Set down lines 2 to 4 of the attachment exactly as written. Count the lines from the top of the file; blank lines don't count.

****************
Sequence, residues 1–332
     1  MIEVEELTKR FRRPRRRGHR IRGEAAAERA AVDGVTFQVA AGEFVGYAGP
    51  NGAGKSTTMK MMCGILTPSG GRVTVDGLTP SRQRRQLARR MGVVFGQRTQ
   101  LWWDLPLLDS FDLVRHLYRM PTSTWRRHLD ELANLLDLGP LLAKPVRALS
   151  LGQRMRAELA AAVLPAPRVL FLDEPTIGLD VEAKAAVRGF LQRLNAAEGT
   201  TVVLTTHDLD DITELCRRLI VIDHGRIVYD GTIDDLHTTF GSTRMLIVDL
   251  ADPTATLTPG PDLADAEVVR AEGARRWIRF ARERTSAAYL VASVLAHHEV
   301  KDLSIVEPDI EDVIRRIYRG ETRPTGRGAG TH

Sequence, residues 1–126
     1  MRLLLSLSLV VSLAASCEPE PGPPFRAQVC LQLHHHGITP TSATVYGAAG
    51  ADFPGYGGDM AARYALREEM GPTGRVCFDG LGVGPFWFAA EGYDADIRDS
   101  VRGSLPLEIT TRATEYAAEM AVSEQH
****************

     1  MIEVEELTKR FRRPRRRGHR IRGEAAAERA AVDGVTFQVA AGEFVGYAGP
    51  NGAGKSTTMK MMCGILTPSG GRVTVDGLTP SRQRRQLARR MGVVFGQRTQ
   101  LWWDLPLLDS FDLVRHLYRM PTSTWRRHLD ELANLLDLGP LLAKPVRALS